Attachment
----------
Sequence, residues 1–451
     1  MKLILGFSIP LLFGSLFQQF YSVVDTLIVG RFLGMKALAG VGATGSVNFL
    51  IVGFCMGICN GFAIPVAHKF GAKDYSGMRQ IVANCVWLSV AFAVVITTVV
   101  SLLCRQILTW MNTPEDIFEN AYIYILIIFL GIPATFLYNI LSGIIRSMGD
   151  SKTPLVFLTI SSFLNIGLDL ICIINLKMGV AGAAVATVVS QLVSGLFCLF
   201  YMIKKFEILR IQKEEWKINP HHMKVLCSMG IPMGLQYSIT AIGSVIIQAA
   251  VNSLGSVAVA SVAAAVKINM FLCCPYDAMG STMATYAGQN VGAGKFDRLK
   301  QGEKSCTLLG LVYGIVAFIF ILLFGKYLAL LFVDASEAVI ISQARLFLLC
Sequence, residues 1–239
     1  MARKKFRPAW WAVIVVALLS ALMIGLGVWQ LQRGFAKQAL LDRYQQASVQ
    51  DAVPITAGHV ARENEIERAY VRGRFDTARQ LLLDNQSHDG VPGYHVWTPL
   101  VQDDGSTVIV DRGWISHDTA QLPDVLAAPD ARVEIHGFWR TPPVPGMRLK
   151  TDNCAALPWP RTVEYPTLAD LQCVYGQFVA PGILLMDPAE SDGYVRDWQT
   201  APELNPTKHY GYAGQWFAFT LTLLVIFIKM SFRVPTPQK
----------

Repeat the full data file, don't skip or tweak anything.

Sequence, residues 1–451
     1  MKLILGFSIP LLFGSLFQQF YSVVDTLIVG RFLGMKALAG VGATGSVNFL
    51  IVGFCMGICN GFAIPVAHKF GAKDYSGMRQ IVANCVWLSV AFAVVITTVV
   101  SLLCRQILTW MNTPEDIFEN AYIYILIIFL GIPATFLYNI LSGIIRSMGD
   151  SKTPLVFLTI SSFLNIGLDL ICIINLKMGV AGAAVATVVS QLVSGLFCLF
   201  YMIKKFEILR IQKEEWKINP HHMKVLCSMG IPMGLQYSIT AIGSVIIQAA
   251  VNSLGSVAVA SVAAAVKINM FLCCPYDAMG STMATYAGQN VGAGKFDRLK
   301  QGEKSCTLLG LVYGIVAFIF ILLFGKYLAL LFVDASEAVI ISQARLFLLC
Sequence, residues 1–239
     1  MARKKFRPAW WAVIVVALLS ALMIGLGVWQ LQRGFAKQAL LDRYQQASVQ
    51  DAVPITAGHV ARENEIERAY VRGRFDTARQ LLLDNQSHDG VPGYHVWTPL
   101  VQDDGSTVIV DRGWISHDTA QLPDVLAAPD ARVEIHGFWR TPPVPGMRLK
   151  TDNCAALPWP RTVEYPTLAD LQCVYGQFVA PGILLMDPAE SDGYVRDWQT
   201  APELNPTKHY GYAGQWFAFT LTLLVIFIKM SFRVPTPQK